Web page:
The Sciences

NCBI ROFL: On the purpose of the belly button.

DiscoblogBy ncbi roflSep 8, 2011 11:00 PM

Newsletter

Sign up for our email newsletter for the latest science news
 

Umbilicus as a fitness signal in humans. "Typically, mammalian umbilical cord forms a tiny, stable, and asymmetrical scar. In contrast, humans have a clearly visible umbilicus that changes with age and nutrients gathered. Based on this, I propose that umbilicus, together with the surrounding skin area, is an honest signal of individual vigour. More precisely, I suggest that the symmetry, shape, and position of umbilicus can be used to estimate the reproductive potential of fertile females, including risks of certain genetically and maternally inherited fetal anomalies. The idea is supported by a comparative study where symmetrical t-shaped and oval-shaped umbilici of fertile females were considered the most attractive. Further support comes from observations that abnormal velocity of umbilical cord has been associated with fetal brain development, diabetes, and other fitness-related properties with a strong genetically or maternally inherited component. In addition, umbilicus and the umbilical skin area may reveal nutrimental competitive ability, and need for social care in small children and pregnant females. The novel hypothesis explains why umbilicus has aesthetic value, and why umbilicus has had a distinctive role in different cultures. If further research confirms the signalling hypothesis, female umbilici may be routinely measured to detect risk pregnancies of several fetal abnormalities."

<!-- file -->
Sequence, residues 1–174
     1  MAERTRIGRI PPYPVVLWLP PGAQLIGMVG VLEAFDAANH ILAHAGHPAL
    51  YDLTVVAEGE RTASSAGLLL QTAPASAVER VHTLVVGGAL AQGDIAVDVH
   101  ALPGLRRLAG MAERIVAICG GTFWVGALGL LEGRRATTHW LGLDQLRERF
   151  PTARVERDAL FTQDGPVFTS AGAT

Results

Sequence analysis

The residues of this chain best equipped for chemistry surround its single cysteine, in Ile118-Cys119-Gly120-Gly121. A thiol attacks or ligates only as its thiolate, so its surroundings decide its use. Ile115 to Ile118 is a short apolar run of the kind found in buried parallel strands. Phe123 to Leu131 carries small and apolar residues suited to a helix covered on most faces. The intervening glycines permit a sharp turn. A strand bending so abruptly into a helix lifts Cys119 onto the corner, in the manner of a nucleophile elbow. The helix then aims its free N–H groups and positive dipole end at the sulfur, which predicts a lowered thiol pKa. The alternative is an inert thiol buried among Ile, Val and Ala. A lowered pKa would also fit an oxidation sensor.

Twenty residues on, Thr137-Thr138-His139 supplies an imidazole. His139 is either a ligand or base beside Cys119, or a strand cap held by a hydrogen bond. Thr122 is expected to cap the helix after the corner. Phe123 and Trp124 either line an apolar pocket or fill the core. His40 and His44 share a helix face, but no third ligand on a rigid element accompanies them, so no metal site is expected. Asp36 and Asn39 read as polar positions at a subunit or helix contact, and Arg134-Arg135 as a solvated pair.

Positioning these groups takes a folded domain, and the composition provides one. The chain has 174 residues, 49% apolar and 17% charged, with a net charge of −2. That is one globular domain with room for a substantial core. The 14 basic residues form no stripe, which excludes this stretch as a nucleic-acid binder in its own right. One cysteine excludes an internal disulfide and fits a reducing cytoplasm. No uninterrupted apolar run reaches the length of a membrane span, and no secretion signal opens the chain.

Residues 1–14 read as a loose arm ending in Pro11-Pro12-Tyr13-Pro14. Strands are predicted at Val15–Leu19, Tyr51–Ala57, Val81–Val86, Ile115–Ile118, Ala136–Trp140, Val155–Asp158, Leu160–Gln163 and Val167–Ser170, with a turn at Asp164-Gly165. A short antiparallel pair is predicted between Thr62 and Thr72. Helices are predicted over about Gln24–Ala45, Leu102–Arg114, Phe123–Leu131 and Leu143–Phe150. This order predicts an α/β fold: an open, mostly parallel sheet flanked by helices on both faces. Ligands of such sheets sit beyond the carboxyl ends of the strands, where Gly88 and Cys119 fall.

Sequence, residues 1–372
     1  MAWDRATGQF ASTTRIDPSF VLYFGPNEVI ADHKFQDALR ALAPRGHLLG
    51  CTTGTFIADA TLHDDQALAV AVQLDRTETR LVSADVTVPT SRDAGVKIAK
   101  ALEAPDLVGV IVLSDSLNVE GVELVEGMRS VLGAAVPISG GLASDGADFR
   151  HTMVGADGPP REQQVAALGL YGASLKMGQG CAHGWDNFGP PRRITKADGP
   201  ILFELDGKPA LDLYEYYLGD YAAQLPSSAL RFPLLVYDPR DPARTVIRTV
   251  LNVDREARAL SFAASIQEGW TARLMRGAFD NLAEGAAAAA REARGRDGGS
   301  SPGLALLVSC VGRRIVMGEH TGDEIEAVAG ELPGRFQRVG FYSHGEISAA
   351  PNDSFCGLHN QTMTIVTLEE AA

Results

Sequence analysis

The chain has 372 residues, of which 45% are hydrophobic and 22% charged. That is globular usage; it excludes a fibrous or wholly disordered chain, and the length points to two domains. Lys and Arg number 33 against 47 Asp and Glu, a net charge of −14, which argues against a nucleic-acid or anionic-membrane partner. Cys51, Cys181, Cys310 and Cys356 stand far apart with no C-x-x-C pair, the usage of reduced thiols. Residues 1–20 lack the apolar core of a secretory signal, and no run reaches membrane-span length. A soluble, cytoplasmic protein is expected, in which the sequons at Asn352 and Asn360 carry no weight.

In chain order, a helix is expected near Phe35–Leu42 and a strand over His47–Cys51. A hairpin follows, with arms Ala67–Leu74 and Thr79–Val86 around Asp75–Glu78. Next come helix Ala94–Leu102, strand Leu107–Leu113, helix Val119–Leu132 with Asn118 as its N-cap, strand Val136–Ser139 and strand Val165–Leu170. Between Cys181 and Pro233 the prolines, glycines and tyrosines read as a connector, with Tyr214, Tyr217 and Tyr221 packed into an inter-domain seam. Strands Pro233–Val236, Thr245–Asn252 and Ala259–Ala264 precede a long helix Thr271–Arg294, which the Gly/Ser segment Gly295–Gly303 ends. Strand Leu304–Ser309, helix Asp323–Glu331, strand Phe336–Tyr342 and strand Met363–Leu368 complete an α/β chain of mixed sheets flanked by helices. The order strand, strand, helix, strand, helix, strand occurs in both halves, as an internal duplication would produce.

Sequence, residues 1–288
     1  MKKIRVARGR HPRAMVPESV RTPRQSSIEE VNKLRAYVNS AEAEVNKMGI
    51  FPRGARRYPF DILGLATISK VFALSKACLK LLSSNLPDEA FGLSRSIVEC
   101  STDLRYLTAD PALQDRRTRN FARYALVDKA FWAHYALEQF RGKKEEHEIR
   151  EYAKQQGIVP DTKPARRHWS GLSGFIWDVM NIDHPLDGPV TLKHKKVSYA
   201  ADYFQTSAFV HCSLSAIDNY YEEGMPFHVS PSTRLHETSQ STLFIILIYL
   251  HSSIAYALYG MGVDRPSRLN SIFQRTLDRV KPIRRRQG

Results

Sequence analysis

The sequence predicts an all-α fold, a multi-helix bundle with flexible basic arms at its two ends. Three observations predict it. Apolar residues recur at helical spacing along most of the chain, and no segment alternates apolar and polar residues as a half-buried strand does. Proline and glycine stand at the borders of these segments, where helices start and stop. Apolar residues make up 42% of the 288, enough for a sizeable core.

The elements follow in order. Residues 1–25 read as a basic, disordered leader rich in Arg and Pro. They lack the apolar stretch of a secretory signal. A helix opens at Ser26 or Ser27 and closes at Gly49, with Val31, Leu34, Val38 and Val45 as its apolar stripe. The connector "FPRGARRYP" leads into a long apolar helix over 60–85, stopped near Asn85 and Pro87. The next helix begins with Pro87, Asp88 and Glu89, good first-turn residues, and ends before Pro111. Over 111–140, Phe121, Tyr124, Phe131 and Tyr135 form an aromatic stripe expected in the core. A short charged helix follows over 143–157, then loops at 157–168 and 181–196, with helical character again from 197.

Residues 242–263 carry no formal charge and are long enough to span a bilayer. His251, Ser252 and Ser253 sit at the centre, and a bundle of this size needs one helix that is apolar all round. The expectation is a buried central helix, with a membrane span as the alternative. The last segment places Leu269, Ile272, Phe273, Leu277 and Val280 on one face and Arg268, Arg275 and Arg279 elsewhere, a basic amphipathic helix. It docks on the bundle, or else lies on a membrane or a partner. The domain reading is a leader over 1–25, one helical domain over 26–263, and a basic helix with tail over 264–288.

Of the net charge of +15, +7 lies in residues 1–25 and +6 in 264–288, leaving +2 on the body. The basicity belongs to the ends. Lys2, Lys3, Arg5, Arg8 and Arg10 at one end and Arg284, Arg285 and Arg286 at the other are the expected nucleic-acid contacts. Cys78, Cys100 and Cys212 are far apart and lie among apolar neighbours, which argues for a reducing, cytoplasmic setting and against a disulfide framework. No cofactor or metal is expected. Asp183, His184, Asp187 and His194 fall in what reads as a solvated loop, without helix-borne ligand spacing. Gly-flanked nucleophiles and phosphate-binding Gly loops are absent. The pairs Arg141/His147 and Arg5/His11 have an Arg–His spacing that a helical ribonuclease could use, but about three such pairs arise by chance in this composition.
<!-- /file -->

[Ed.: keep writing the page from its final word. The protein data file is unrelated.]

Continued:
Image: flickr/jessicafm

Related content: Discoblog: NCBI ROFL: Attack of the belly button lint! Discoblog: NCBI ROFL: The nature of navel fluff. Discoblog: NCBI ROFL: An explanation for the shape of the human penis. WTF is NCBI ROFL? Read our FAQ!

1 free article left
Want More? Get unlimited access for as low as $1.99/month
Already a subscriber? Log In or Register
1 free articleSubscribe
Want unlimited access?

Subscribe today and save 70%

Subscribe

Already a subscriber? Log In or Register
More From Discover
Recommendations From Our Store
Shop Now
Stay Curious
Join
Our List

Sign up for our weekly science updates.

 
Subscribe
To The Magazine

Save up to 70% off the cover price when you subscribe to Discover magazine.

Copyright © 2021 Kalmbach Media Co.